S3: Do you? Yes. We’re at this point where every now gets a reaction and the reaction sometimes prevents me from saying no when I ought to.
S2: You just really got to learn to enjoy their plaintive wails of protest.
S4: I just want to say, since I’m only back this one time and it’s late, plus I have to say something incredibly pretentious. So I just want to point out that that Dan’s point is very much like Buc team’s point about Carnivàle. Right. The point of Carnivàle is that there’s a day when the ordinary structures and order of society is overturned, and that only serves to reinforce the function of order and society on every other day. And so, yes, day is like a Bardini and carnival day that’s ultimately hegemonic in its intent.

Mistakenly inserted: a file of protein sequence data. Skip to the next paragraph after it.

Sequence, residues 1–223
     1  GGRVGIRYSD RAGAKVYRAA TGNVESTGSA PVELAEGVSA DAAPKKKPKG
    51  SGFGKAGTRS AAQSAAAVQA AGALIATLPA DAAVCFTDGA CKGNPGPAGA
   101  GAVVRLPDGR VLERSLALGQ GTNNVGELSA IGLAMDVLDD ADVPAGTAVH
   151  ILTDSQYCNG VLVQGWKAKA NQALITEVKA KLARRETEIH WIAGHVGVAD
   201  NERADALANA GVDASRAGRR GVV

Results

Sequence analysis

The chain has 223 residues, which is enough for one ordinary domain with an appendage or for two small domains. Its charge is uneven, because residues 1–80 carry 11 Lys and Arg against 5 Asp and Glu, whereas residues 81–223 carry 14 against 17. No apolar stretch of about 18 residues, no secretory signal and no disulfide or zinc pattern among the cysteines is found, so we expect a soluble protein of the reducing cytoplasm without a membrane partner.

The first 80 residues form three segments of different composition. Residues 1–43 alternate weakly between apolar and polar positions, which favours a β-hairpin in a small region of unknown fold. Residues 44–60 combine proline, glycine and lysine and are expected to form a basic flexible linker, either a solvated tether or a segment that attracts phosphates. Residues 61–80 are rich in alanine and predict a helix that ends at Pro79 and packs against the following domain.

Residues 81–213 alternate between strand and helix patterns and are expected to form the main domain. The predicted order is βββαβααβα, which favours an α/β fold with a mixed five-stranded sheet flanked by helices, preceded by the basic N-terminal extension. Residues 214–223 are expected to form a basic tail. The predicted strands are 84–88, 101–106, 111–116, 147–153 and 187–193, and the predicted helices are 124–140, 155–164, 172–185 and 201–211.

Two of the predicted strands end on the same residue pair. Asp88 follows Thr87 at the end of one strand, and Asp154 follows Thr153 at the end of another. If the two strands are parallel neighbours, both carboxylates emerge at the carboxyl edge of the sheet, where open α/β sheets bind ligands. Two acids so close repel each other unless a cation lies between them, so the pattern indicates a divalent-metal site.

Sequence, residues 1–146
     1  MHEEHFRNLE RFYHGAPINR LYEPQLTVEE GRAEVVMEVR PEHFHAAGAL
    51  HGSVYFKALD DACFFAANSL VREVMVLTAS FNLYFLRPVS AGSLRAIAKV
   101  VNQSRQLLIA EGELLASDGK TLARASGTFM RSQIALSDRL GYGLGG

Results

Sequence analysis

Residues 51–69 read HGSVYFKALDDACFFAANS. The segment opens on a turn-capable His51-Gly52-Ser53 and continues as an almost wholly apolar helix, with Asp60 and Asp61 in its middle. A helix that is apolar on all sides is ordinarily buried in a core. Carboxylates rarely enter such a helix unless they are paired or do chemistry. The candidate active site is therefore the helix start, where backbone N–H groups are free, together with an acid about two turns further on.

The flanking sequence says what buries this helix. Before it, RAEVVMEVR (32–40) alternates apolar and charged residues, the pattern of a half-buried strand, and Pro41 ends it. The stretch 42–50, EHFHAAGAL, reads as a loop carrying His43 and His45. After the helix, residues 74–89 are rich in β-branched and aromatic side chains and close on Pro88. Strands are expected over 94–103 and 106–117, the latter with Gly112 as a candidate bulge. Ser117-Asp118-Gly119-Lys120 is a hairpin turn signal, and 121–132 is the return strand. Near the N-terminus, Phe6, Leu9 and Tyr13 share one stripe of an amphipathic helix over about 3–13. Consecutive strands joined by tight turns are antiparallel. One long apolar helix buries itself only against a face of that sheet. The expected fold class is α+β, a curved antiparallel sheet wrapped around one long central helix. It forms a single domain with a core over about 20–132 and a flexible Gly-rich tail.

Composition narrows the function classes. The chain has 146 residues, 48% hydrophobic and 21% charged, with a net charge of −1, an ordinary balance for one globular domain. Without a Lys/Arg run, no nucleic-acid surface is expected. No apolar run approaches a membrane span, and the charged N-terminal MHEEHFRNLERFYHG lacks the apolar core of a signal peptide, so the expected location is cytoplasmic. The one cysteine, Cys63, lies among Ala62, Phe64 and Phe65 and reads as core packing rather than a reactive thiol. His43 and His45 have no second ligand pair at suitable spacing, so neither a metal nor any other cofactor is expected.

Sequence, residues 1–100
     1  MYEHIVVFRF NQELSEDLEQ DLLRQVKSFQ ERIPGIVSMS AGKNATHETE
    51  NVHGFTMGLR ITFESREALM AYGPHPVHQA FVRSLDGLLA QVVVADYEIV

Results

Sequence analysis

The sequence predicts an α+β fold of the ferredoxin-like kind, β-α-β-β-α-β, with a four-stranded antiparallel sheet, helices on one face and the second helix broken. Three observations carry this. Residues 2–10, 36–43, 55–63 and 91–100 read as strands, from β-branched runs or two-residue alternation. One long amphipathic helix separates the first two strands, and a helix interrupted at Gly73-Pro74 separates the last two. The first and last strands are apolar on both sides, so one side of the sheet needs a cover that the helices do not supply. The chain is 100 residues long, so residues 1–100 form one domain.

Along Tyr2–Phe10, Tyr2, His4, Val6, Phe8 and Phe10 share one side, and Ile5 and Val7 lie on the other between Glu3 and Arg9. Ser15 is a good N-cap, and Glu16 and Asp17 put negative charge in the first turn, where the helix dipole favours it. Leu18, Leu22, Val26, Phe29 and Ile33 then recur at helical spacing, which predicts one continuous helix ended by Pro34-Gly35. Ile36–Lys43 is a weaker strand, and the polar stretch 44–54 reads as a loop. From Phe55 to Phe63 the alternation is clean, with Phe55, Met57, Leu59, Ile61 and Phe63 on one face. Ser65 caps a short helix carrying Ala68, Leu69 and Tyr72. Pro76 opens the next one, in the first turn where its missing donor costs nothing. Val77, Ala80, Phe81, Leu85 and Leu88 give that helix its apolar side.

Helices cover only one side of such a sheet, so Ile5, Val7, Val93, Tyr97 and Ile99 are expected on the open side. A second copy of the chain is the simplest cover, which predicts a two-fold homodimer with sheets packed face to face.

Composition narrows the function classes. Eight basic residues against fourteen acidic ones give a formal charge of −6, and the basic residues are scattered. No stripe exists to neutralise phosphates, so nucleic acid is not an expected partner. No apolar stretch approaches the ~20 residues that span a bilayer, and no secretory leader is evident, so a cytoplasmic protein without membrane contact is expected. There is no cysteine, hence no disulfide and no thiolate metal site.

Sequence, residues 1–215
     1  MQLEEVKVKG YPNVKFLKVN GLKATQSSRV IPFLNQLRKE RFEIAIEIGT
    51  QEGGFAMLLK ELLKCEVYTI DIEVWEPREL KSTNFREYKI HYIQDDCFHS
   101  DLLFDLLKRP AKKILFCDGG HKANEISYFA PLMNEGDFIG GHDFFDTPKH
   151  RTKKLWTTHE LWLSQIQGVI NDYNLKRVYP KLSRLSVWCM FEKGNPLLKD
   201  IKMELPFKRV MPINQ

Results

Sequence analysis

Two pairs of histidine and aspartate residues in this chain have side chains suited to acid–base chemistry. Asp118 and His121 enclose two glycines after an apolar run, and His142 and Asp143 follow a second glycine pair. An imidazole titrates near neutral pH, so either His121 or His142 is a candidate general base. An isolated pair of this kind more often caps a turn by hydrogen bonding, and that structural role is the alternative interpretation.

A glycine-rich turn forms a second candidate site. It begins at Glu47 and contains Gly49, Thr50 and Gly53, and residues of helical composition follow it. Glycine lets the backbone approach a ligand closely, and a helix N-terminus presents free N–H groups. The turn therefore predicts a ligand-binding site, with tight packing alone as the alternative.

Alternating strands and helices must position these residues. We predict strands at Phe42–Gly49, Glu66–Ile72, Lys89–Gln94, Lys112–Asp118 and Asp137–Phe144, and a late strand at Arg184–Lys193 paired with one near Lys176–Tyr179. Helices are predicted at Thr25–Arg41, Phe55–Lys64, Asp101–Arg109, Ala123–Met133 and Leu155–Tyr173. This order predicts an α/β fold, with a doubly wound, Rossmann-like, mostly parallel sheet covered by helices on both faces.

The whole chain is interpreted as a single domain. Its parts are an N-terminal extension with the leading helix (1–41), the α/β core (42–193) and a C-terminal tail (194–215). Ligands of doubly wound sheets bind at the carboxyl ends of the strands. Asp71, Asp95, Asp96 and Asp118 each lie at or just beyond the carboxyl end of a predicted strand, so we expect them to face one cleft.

S2: Or as my mom said, paraphrasing Bakhtin. Every day is Children’s Day. Daniel Mm hmm. Gabe That was everything our subscribers wanted out of this experience.
S4: I knew you. I knew I couldn’t leave them without a reference to back team.
S2: Thank you deeply for that.
S3: This is what they pay for. That’s right.
S1: Slate plus listeners, if you’ve had yesterday, we definitely want to hear about it on the Slate Parenting Facebook group. Let us know how that went. And we’re so glad that you can join us.
S4: Thanks, guys,
S1: until next time. Thanks for listening.